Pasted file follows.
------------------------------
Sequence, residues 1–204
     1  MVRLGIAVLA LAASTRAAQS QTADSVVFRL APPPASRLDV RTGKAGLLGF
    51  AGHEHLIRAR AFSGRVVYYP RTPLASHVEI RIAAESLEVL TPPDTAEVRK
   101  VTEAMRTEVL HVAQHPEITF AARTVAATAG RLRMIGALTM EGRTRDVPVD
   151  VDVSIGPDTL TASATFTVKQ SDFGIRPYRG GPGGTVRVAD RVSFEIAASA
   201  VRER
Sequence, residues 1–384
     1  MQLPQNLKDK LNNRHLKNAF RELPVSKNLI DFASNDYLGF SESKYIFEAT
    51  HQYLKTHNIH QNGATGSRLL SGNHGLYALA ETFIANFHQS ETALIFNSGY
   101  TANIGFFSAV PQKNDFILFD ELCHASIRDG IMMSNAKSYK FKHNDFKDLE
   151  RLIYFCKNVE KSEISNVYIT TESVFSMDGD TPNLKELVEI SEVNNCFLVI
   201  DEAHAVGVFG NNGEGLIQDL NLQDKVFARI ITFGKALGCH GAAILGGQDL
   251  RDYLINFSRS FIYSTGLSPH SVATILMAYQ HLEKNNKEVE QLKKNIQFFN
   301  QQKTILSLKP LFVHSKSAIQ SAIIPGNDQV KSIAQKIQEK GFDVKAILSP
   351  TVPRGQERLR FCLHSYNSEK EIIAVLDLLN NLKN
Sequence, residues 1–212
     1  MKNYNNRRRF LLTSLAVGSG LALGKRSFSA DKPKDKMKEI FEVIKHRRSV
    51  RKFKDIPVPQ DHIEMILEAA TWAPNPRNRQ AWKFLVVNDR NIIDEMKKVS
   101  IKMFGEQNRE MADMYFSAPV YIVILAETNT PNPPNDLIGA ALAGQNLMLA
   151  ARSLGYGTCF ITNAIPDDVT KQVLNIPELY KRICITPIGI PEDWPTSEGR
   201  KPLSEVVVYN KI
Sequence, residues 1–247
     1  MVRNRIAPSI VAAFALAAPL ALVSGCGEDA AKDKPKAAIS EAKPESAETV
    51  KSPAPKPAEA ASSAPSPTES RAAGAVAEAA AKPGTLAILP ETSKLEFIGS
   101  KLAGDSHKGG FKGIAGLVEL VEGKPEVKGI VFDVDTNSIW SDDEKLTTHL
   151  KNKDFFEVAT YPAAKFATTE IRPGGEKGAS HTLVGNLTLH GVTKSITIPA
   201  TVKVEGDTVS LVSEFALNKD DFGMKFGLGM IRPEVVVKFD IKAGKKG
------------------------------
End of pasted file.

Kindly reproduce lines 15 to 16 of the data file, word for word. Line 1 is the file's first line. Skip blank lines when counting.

   351  TVPRGQERLR FCLHSYNSEK EIIAVLDLLN NLKN
Sequence, residues 1–212